Academic journal article Eastern Africa Social Science Research Review

The Description of Colour Terms in Ethiopian Languages

Academic journal article Eastern Africa Social Science Research Review

The Description of Colour Terms in Ethiopian Languages

Article excerpt

(ProQuest: ... denotes non-USASCII text omitted.)


The study of colour terms: their nomenclature, typology and categorisation, has attracted the attention of linguists, psychologists and anthropologists for over a century now. The early studies by Gladstone (1858), Geiger (1868) and Magnus (1877) (cited in Saunders 2000) have served as foundations for the heated-debate on the connection between language and perception/thought thereafter. Arbitrariness (Saussure 1916), cultural relativism (Gleason 1955), the Sapir-Whorf hypotheses of linguistic relativism and determinism (Whorf 1956), colour universals (basic colour terms) (Berlin and Kay 1969) and the revisions by Kay and McDaniel (1978); Kay et al., (1997) and Kay and Maffi (1999) are among the most cited seminal works in the study of colour terms and concepts. The studies of Davies et al. (1992) on Setswana; Davies et al. (1994) on Chichewa; Davies and Corbett (1994) on Xhosa; Davies et al.(1994) on Ndebele; Perner (1994) on Anywa and Davis and Corbett (1997) on four Bantu languages are among the most important contributions produced on the problem in the African context. All these studies were theoretically and methodologically useful for the study presented with this article.

The purpose of this paper is to describe colour nomenclature in selected Ethiopian languages. It examines the inventory of colour terms and describes their formal and semantic structures. It gives some insight on the categorisation of colour terms and tries to rank them from the most salient to the less salient and to the marginal ones. It also attempts to explore how mother-tongue speakers of the selected languages perceive and interpret the visual world surrounding them. Four languages have been selected from each of the four language families, namely the Cushitic, Omotic, Semitic and Nilo-Saharan, making a total of 16 languages. The researcher believes that the inclusion of 16 languages whose speakers inhabit the different parts of the country makes the data and information diverse and thick.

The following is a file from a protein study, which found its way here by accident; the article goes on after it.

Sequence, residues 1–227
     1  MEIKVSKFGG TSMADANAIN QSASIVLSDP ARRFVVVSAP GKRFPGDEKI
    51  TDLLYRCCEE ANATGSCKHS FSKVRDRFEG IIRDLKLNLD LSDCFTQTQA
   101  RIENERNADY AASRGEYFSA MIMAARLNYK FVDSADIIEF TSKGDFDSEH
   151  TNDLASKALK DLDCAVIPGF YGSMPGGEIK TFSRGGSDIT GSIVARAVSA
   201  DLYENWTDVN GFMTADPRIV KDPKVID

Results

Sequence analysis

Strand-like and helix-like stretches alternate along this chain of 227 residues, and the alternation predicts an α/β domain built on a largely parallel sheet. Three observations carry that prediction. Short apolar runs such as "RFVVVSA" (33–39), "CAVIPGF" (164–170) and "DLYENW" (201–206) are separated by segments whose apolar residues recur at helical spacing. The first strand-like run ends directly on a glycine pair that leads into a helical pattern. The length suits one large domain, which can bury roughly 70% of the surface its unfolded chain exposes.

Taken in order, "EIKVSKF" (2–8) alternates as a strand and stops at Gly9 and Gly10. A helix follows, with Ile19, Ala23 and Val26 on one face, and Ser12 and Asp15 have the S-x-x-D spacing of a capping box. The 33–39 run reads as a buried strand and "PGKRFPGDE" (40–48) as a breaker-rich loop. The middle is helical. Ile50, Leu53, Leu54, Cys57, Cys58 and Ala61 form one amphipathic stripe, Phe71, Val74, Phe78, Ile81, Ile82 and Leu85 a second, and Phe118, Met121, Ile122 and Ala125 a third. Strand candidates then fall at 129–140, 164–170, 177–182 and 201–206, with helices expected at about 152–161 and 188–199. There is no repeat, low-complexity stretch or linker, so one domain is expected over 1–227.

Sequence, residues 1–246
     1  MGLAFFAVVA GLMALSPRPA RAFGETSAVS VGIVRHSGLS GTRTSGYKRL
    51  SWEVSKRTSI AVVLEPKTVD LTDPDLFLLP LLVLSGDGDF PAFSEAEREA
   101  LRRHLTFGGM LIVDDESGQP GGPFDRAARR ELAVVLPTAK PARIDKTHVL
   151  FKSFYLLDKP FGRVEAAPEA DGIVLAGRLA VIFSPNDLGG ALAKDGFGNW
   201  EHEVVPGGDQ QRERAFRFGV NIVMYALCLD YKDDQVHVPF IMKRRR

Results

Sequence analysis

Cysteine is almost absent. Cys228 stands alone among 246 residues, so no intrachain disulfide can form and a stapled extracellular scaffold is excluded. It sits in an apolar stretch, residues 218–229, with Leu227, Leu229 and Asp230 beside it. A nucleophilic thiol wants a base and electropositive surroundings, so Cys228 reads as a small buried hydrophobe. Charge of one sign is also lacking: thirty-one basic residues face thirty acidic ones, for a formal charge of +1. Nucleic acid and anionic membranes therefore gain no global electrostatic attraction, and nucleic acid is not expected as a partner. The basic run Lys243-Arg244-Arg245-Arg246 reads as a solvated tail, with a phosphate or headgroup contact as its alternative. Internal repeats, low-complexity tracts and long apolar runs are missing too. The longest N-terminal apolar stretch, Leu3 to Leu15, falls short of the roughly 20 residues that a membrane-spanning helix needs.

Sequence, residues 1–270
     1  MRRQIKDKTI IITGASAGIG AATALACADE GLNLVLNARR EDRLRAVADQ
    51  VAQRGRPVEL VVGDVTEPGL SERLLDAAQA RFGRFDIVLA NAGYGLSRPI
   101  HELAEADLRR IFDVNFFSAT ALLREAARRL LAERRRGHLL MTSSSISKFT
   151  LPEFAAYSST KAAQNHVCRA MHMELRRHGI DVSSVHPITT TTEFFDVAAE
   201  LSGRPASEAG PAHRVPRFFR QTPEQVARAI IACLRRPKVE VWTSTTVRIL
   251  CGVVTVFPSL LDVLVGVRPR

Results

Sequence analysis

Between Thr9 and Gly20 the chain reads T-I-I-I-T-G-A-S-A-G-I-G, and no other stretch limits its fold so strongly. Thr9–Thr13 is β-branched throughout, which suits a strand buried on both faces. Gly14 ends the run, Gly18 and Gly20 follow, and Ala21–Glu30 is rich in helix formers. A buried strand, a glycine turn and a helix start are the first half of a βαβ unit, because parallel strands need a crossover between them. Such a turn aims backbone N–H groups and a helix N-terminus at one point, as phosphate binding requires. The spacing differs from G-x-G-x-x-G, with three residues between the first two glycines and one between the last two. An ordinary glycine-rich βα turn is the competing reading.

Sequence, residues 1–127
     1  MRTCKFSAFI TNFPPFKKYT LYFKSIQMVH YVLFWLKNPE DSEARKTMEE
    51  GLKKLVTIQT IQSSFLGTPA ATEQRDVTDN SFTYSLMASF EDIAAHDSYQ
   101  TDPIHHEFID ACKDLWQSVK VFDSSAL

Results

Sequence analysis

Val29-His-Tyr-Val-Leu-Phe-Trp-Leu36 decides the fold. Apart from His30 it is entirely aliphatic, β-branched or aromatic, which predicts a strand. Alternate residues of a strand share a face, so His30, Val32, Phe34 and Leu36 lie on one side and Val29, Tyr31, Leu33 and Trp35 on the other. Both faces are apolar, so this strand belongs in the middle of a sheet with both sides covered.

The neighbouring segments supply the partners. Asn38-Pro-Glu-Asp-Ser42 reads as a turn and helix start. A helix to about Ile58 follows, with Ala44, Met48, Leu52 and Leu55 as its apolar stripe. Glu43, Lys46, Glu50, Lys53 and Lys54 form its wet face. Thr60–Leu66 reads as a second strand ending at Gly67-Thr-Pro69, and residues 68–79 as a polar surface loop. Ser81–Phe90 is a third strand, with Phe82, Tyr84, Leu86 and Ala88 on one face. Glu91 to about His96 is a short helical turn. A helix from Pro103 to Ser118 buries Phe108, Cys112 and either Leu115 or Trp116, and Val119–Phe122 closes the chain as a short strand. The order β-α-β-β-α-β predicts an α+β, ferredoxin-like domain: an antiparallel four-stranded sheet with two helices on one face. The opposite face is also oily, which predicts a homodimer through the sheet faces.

Qualitative firsthand data were collected between 2012 and 2014 from 32 informants (2 from each language) who are mother-tongue speakers of the respective languages by asking them to name the colour names that they know and to explain their meanings. Informants were also presented with coloured objects in the surrounding and were asked to see and name the colour of each object. As supplementary data sources, the researcher's own field notes and earlier available documents (dictionaries and grammatical descriptions) were carefully analysed. The introspective method was also used to some extent. As stated in Dimmendaal (2001), the first method is most appropriate of the other methods because colour terms and their perceptions are culturally-constructed; and hence, the same colours may have different lexical representations for different things in the different languages or even within the same language. Since this paper deals with colour naming, it is more qualitative than quantitative, drawing more on anthropological linguistics than visual science in its methodology and data analysis.


Perner (1994, 169) writes that, "There is nothing which does not have a colour, on earth as well as in the sky". Colour is therefore a universal notion. Researchers have found out that the number of colour words in languages and the way their speakers perceive and classify them can vary considerably. For instance, Basa, a Liberian language and Jale, a Papua New Guinean language have only two colour terms (Gleason 1955; McNeill 1972). Dani, another Papua New Guinean language, has two colour terms, namely mola (for focal white and warm colours: red, orange, yellow, pink and purple) and mili (for focal black and cool colours: blue and green). In contrast to these, languages such as English have numerous colour terms (Taylor 2003). Though languages have huge differences in their colour inventory, researchers have given credence that every healthy person makes visual distinctions of colours alike. …

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